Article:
Battery life on the Sony Xperia Z3 borders on the exceptional at times. Sony claimed to me that this phone could last two days on a single charge in ‘real use’ – a lofty claim indeed.
Of course, it can’t live up to that level – but then again, I’ve never come across a phone that has ever been close to manufacturer’s claims.
In reality, without Stamina Mode activated, you’ll comfortably get through a day. With it turned on from 65% (as I had) you’ll get easily into another day and maybe trickle into two if you’re really careful.
However, it’s not perfect, as it does show the standard ‘quick drop’ of power if you’re using the screen too heavily, even on average brightness.
But let’s place this in context: compared to something like the iPhone 6, which has a 720p display (roughly) compared to the Full HD offering here, and the Z3 still manages to outscore the iPhone in terms of out and video and gaming ability when it comes to battery life.
This shouldn’t come as much of a surprise, given the Xperia Z2 did so when in the world of battery retention – although the fact the non-removable battery is now smaller (at 3100mAh) compared to its predecessor but still manages to last longer shows that Sony’s mysterious screen technology is working.
I say mysterious because the brand won’t really talk about it. There’s some element of the screen ‘remembering’ what’s on there, rather than constantly refreshing all the time, but I have no idea if this trick can be used in movies or whether it’s limited to more static web browsing.
Stamina Mode isn’t a new idea from Sony, having arrived on the original Xperia Z, but it’s still a useful feature, if not a frustrating one at times.
The theory is simple: the Z3 goes to sleep, the phone then cuts all connectivity to apps (apart from those that have been whitelisted as able to connect during sleep) and the battery is thus preserved. The downside is that you don’t get updates instantly, the upside is fewer disturbances and a longer battery life.
On the whole, it works well. However, there were a few instances where I was alerted that Spotify or Real Racing 3 were preventing the mode from working (even though I wasn’t using them), thus nullifying the battery savings.
Why were these apps running in the background anyway? And if they were, why didn’t Stamina Mode shut them down? The same option will truncate the frame rate in gaming, leading a juddery experience that I accepted at the reward of more battery power.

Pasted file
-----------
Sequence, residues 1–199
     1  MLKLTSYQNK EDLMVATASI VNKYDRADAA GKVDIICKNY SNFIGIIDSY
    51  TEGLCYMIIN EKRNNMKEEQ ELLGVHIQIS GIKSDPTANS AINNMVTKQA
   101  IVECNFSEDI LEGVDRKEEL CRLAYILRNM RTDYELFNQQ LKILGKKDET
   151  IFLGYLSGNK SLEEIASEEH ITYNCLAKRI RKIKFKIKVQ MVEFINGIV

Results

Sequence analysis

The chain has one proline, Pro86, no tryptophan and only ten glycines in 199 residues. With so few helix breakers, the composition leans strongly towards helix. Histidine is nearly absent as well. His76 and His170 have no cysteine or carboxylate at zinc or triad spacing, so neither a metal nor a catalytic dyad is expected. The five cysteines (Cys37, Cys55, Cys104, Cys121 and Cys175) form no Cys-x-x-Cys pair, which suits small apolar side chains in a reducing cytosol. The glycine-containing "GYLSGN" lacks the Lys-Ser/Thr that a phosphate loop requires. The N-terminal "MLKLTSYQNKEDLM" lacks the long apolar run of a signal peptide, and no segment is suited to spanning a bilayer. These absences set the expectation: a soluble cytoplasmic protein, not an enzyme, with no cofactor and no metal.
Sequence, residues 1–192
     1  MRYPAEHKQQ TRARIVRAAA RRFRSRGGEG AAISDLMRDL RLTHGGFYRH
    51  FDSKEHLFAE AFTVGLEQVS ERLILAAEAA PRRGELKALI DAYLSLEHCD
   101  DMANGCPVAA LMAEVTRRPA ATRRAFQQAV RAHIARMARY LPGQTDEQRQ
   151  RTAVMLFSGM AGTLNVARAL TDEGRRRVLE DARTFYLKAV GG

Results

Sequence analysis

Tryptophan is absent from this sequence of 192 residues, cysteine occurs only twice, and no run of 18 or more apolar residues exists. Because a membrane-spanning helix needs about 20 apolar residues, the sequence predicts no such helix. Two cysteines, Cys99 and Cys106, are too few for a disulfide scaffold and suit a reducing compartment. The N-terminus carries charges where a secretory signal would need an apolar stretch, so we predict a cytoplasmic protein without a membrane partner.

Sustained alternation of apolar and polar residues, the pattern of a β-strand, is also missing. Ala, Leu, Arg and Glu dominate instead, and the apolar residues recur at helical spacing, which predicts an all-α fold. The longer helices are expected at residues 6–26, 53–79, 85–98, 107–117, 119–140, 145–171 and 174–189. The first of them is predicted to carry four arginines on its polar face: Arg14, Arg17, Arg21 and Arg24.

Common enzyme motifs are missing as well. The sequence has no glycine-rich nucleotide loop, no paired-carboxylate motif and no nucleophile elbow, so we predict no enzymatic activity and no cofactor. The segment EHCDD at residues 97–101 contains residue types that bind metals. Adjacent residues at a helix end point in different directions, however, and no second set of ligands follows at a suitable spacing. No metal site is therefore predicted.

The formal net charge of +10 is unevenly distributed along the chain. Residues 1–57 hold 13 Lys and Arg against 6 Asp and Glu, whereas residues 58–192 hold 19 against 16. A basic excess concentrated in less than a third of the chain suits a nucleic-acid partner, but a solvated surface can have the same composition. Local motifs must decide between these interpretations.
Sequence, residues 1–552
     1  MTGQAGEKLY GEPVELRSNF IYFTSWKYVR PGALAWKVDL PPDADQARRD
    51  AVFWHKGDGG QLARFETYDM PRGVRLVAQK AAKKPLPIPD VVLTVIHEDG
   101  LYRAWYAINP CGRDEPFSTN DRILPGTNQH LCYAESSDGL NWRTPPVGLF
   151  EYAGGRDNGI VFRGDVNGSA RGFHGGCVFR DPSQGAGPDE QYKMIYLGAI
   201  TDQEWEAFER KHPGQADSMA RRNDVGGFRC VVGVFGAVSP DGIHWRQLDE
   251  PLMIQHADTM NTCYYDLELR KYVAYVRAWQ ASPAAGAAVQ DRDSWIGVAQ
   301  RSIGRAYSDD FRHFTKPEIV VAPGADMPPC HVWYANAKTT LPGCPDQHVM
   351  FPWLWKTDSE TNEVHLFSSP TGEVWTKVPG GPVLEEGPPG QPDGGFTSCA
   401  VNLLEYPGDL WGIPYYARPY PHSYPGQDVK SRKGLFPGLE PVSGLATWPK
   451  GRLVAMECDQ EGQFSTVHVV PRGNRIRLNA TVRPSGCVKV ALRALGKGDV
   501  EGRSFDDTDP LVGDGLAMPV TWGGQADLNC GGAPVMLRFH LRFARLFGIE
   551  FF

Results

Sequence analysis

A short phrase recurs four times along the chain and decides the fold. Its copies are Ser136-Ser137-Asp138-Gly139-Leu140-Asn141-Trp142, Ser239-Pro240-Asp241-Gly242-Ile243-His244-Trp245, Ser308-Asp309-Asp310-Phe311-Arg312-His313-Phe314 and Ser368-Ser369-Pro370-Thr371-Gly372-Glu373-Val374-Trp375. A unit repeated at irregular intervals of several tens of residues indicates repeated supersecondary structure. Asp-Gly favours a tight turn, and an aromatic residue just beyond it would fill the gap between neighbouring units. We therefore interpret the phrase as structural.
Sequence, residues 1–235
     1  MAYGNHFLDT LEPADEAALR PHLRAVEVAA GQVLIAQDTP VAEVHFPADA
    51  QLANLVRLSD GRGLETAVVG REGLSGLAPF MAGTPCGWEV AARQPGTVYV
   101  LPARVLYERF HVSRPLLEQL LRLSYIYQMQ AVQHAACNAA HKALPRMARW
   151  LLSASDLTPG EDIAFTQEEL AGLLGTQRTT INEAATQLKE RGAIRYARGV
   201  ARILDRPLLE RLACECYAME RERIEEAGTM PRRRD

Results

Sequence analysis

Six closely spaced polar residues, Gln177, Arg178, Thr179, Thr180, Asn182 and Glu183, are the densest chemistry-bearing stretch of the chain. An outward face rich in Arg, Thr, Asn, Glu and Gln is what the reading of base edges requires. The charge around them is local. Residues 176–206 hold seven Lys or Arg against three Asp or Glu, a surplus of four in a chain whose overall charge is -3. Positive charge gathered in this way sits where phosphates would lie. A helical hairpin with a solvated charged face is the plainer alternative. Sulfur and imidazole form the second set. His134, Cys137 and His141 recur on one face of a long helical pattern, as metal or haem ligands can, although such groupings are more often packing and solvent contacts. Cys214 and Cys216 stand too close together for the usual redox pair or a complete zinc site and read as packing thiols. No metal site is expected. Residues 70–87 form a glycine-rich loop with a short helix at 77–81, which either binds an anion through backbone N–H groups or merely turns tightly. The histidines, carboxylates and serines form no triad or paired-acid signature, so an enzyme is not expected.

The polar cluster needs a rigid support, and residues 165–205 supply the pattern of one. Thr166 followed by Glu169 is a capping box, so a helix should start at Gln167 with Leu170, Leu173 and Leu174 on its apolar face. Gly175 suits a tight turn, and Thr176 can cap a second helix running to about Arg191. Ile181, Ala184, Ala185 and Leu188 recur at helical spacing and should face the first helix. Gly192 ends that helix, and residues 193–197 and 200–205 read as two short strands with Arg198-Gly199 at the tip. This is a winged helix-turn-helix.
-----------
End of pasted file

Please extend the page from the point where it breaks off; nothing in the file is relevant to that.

If that’s the case, then the phone should be able to shut down or at least hibernate apps – I don’t want to be told that this feature doesn’t work, I want it fixed.
The same for the heavy power saving mode the Z3 has embedded: like Samsung and HTC, Z3 owners can now flick a switch and have only the most basic of functions working, allowing you to have maximum battery and make a few calls and texts.
When turned on, it takes an age to boot the phone into the mode, and even then I saw very little power saving, with the device still running low on juice almost as quickly as when the phone was on normally.
It also doesn’t seem to do much more than limit the data and apps you can use, although presumably all the cores are turned right down. It’s like it needs some time to warm up – if your battery is falling, it won’t arrest that slide, more bring it to a controlled slow-down.
In terms of TechRadar’s battery test (a 90 minute Full HD looped video), the Sony Xperia Z3 on full brightness is a real power guzzler – at 31%, that’s one of the poorest showings from any phone.
But, and this is a very important but, the phone can go brighter than most other handsets can manage, which is a choice you’ll need to make at the expense of a wider gamut of places you can use it and thus accept the drop in power to get a really good screen.
What’s interesting is that even at lower battery modes, the power savings aren’t that great. This tells me that it’s the screen ‘remembering’ tech that’s the battery saver, which obviously can’t be used in video.
The other niggle is getting power back into the battery. It charges rather slowly at times, even with high amp charging blocks, which is most irritating seeing as many modern smartphones are able to juice up in minutes – the iPhone 6 is practically ‘blink and you’ll miss it’ speedy when it comes to charging.